This is what mental illness looks like.

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16 responses to “NaBloPoMo – Day One of an entire month of Why Bother

  1. You know I love your writing. That said, different strokes for different folks. Your writing won’t float everyone’s boat. I love it, though, as do many other people I know.

    Secondly, I think part of the issue may be your audience. It may be that most of your followers are more interested in you than the stories you write, and that may be why posts like this receive more attention than the stories.

    I think if people were exposed to your writing you’d find all the validity you need that you’re a talented writer. Getting your writing at there is the challenge, though. Just because it’s on the internet doesn’t mean everyone sees it. Perhaps you might reach out to other independent authors to ask them how they built their audiences.

    • What’s funny is that I don’t WANT people to be interested in me – in the darkest ugliest parts of me – I want them to see the good parts – but it feels like it’s only ever the bad that catches people’s attention. And I feel like I’m whining.

      • I think, though, a lot of people have this disturbing curiosity for ugliness and drama. That’s why shows such as Cheaters, Maury, and Springer can thrive. People find entertainment in the darker side of humanity, which is why I’ve become such a misanthrope.

      • This is what I’ve been saying. Hell, Abuse Confessional Writing (and don’t get me wrong, it totally has merit and I understand the place of it) has almost become a genre in the blog world. And an incredibly popular one at that.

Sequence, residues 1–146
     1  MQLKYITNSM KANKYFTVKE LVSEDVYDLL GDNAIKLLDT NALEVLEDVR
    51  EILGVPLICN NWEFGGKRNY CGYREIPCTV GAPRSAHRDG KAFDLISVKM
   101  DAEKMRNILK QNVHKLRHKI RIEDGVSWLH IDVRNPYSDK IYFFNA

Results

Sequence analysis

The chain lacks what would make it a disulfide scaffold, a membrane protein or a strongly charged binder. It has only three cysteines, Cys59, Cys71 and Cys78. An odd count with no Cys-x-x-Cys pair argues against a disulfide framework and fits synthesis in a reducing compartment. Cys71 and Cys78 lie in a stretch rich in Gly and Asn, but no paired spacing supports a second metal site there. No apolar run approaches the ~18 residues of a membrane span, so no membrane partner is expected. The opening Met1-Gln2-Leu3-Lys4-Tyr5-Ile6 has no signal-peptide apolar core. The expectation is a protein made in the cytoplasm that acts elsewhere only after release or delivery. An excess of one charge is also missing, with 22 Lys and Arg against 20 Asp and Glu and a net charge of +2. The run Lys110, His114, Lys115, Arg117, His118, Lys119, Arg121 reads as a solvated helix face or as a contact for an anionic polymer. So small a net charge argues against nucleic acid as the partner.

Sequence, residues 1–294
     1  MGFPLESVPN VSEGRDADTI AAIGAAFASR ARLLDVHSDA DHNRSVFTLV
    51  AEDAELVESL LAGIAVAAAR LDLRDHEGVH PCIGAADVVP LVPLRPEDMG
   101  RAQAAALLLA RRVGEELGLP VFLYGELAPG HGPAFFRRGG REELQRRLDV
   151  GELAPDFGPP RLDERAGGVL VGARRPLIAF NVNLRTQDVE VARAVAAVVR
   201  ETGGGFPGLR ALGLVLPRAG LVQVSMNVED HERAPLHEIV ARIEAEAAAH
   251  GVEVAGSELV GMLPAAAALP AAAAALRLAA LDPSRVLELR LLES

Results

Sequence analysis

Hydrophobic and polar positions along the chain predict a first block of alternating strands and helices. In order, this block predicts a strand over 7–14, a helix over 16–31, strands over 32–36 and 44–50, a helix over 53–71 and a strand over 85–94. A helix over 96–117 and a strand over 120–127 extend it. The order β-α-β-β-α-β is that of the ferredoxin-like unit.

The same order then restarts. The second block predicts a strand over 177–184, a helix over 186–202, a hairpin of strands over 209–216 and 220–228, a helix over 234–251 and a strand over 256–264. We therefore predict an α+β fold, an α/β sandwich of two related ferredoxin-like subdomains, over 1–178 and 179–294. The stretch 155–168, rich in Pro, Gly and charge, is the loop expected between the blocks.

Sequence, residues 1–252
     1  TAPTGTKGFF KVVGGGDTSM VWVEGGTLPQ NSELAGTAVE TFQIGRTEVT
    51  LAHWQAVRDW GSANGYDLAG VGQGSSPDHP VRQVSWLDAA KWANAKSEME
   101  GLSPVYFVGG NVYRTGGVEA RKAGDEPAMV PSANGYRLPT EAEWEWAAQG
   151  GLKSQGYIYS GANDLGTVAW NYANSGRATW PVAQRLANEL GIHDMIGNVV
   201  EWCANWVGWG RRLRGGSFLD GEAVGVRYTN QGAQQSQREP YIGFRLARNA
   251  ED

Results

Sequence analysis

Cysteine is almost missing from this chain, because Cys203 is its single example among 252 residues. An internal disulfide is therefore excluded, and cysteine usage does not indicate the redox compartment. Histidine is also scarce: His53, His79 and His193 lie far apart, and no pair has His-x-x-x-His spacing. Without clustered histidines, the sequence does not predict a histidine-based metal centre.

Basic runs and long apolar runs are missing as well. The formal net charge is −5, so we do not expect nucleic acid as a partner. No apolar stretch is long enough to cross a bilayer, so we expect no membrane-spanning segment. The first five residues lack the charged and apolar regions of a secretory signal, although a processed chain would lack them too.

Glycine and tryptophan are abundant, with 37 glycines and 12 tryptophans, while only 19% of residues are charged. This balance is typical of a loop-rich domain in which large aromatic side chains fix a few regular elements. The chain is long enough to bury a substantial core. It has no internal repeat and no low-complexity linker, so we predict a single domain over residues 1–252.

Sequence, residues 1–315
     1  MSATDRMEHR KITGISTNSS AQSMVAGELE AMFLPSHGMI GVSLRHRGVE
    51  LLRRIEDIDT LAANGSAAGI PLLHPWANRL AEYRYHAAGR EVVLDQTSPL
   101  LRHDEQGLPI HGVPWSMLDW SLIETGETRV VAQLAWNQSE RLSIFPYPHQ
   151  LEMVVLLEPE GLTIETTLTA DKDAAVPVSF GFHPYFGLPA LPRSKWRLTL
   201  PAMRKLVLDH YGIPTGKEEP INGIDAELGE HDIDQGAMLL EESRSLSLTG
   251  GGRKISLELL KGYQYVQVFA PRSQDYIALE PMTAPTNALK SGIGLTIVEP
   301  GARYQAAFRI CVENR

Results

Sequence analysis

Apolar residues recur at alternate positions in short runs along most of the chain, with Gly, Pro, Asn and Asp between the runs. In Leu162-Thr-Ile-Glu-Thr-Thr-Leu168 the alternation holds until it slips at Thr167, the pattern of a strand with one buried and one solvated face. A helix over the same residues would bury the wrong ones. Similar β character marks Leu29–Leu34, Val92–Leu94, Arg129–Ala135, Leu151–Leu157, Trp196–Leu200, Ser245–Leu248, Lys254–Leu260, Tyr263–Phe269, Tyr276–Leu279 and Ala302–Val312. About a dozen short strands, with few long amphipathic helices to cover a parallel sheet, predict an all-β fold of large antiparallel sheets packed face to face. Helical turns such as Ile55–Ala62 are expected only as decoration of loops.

• I find those types of pieces difficult to read, knowing that someone has suffered a trauma that has broken them. But, I also know the therapeutic value writing those pieces can have, as I have written some myself. I read them as a show of support to its author, not out of some macabre fascination with them.

        That being said, I hope no one actually finds entertainment value in recounts of abuse or the like, but somehow I feel like my hope is in vein.

  2. This is how I deal: I just don’t check statistics – in anything. I also don’t blog too much anymore (and I had to forgive myself for that lack of inclination), but it was the stats and ranking and metrics that could show me if I was a “failure” that totally make me bats – on WordPress, Amazon, everywhere. Maybe after the next 2 books in Changelings and some others are done I’ll shift gears, and focus on selling them and myself, but maybe not.

    I love your fiction,*and* your stories about you. I am the definition of a fan – but there are lots of different types of fans, and for other readers it may be that it’s easier to skim a personal account than read fiction – or vice-versa. It boils down to preference and frame of reference.

      • I understand – I really do. And I get not understanding why. Sometimes there is no why. You’re allowed to be cranky, you’re allowed to express your frustrations – I’ll be here to read, because you’re a damn fine writer – and so will many, many others.